A Review of Automatic Drum Transcription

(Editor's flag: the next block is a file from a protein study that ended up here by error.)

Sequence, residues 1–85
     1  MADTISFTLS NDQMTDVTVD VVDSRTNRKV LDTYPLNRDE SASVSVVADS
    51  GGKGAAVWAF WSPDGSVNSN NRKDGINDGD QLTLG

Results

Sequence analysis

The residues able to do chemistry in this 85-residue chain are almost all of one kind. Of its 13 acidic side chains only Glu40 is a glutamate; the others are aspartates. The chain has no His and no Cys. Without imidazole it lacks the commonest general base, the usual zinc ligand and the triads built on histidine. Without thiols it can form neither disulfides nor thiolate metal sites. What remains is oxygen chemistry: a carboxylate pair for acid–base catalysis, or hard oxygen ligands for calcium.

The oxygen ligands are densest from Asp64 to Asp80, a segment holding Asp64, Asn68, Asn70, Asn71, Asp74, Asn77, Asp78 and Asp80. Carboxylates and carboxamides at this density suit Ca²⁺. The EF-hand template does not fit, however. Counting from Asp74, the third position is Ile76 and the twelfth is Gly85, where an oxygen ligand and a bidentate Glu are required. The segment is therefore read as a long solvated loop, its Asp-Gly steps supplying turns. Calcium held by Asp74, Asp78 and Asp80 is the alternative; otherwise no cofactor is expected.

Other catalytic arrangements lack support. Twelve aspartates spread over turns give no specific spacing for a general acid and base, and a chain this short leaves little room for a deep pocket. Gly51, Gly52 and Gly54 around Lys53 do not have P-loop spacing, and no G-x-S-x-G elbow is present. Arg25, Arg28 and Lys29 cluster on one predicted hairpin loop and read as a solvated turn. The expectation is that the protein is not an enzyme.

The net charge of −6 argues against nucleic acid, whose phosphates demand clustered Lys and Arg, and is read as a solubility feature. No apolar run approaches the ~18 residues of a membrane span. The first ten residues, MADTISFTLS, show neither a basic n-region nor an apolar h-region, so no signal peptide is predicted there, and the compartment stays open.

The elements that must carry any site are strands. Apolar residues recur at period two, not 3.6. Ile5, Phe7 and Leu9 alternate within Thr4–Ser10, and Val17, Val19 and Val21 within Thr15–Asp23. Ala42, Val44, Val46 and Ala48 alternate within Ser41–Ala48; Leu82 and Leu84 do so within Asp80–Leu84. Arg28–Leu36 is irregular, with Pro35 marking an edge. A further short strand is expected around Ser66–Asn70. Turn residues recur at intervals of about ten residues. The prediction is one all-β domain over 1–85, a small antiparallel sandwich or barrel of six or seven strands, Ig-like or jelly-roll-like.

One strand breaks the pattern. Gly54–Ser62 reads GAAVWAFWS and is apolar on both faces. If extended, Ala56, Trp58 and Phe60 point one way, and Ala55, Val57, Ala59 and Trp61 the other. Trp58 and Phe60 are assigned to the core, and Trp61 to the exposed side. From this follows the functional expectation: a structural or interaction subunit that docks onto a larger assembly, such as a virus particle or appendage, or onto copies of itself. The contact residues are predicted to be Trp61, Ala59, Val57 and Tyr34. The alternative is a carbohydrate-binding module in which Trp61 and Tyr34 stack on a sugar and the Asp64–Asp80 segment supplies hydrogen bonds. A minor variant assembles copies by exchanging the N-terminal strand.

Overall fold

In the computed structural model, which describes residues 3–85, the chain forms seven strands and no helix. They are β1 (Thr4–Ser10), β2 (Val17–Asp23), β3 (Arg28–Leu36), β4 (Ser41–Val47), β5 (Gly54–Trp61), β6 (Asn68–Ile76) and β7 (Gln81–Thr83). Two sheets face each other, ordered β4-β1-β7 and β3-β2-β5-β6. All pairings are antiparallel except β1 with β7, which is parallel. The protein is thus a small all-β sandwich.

In Western popular music, drums and percussion are an important means to emphasize and shape the rhythm, often defining the musical style. If computers were able to analyze the drum part in recorded music, it would enable a variety of rhythm-related music processing tasks. Especially the detection and classification of drum sound events by computational methods is considered to be an important and challenging research problem in the broader field of music information retrieval. Over the last two decades, several authors have attempted to tackle this problem under the umbrella term automatic drum transcription (ADT). This paper presents a comprehensive review of ADT research, including a thorough discussion of the task-specific challenges, categorization of existing techniques, and evaluation of several state-of-the-art systems. To provide more insights on the practice of ADT systems, we focus on two families of ADT techniques, namely methods based on non-negative matrix factorization and recurrent neural networks. We explain the methods' technical details and drum-specific variations and evaluate these approaches on publicly available data sets with a consistent experimental setup. Finally, the open issues and underexplored areas in ADT research are identified and discussed, providing future directions in this field.